Many of us believe we cannot ask for help. We see it as a four-letter-word. As a child, I was so fiercely independent that I refused to let a friend’s mother sew on a popped off button at a sleepover. As an adult, fiercely ill and pregnant, I refused to ask my mother-in-law to bring me a glass of water. I did not want to need anyone. I wanted to rely only on myself. What I’ve come to see in my present journey is that our failure to ask for help is a denial of the interdependent way we were made to live. In truth, we are asking for help all the time, and perhaps believing we do not ask for or need help is just another way we overlook or deny our ever-present privilege. Most of us have people we can ask for help. How much a privilege is that?

When I finally launched the GoFundMe site, I did so at the nudging of my therapist. She said, “Do it as a social experiment. There’s something for you to learn here–why not try it and see?” There were surprises to be had–good ones. I’ve received astounding, generous, heartfelt gifts from people who have known me since birth, people who knew my parents and grandparents, high school friends I haven’t seen or spoken with in decades, former students, colleagues, and more. My story has been a prompt for some friends to think differently about their health. I have given people who are grateful for my help a way to express their thanks. I have received such beautiful, meaningful messages of encouragement. I have been helped, and I feel not weak for it, but strong in it.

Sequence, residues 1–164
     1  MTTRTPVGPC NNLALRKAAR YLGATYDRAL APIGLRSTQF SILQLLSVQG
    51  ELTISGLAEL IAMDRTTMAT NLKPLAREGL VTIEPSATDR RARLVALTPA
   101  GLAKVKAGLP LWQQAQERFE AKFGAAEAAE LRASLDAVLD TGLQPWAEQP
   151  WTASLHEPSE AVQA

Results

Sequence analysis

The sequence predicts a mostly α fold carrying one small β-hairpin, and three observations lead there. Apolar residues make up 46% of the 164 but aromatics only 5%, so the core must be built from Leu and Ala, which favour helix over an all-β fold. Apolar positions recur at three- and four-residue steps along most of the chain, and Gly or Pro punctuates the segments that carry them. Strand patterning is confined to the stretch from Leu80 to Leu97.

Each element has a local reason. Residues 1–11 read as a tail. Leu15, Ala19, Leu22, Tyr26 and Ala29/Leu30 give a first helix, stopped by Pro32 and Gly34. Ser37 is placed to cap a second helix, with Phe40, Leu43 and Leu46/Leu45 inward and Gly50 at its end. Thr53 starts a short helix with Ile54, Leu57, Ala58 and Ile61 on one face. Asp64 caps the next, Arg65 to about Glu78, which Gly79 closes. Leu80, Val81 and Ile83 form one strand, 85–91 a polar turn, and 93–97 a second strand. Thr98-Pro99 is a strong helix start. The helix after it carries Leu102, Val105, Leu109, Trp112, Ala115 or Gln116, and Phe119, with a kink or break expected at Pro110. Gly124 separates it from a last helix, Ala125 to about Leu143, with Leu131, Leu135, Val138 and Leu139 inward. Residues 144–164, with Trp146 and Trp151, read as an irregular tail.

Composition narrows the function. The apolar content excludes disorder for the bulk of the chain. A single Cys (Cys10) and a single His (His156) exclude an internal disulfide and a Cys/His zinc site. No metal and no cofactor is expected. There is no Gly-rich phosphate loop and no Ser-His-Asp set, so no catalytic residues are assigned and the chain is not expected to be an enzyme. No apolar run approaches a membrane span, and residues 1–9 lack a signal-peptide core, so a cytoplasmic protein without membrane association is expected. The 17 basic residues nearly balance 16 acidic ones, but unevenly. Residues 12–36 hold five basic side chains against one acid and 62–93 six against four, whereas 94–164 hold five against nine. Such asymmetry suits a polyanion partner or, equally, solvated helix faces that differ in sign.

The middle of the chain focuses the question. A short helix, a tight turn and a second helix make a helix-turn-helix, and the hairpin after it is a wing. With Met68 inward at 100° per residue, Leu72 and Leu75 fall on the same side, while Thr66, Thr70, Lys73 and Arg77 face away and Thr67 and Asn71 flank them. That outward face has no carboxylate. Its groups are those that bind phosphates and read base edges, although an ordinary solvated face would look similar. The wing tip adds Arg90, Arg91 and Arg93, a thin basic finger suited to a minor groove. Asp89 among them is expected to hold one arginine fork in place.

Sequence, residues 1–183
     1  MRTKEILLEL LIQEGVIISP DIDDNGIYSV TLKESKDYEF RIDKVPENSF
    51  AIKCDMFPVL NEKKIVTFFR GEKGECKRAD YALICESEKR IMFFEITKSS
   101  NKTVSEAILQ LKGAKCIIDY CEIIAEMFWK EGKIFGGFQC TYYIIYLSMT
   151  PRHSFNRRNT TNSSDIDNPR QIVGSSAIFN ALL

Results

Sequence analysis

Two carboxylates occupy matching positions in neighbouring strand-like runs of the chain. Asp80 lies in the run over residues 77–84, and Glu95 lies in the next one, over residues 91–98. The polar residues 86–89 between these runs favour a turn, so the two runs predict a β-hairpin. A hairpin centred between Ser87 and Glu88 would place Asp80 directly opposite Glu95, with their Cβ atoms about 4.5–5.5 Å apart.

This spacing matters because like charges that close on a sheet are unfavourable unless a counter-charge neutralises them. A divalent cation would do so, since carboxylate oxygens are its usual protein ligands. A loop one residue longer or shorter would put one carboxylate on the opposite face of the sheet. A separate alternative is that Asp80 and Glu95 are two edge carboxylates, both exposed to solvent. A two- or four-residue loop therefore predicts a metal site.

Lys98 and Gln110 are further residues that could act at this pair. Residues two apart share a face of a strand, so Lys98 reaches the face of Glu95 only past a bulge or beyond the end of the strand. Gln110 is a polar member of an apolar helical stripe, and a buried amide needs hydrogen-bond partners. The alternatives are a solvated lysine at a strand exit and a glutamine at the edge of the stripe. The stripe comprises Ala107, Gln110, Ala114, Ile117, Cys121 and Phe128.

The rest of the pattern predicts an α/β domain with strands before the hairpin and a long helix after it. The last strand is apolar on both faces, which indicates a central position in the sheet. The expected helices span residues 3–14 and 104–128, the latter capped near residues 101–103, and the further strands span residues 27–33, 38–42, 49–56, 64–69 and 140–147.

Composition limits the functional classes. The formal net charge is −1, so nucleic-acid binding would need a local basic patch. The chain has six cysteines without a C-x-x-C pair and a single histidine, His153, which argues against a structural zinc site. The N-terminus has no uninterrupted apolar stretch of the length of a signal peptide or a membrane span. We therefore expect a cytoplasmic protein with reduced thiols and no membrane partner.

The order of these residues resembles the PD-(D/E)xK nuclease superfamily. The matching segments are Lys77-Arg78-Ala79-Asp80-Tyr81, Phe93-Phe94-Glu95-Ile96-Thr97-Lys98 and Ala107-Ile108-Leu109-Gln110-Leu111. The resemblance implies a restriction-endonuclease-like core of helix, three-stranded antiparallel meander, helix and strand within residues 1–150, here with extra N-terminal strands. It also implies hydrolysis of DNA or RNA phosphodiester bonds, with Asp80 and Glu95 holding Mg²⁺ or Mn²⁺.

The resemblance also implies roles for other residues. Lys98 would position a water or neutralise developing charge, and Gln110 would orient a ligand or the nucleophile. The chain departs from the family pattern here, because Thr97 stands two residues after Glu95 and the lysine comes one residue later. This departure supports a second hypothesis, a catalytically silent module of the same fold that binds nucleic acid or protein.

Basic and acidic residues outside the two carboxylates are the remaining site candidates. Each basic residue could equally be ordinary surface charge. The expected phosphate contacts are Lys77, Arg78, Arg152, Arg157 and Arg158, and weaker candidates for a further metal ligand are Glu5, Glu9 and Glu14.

Help is indeed a four-letter-word. There are lots of them, some of which I used or dwelt on in the early days of this news–risk, sick, dead. Now, thanks to the help I sought and have gratefully received, I am seeing other four-letter-words: hope, love, life. Thank you, fine friends, for being my teachers and for joining my team. Let’s do this.

(I’ll have a “sabbatical” this spring for surgery, but I am ready, willing, and able to work with interested clients now. My coaching repertoire has only grown from this recent news, and my passion for helping you to help yourself is greater than ever. Let me know!)

© 2014 Jennifer L. Sanborn. All Rights Reserved.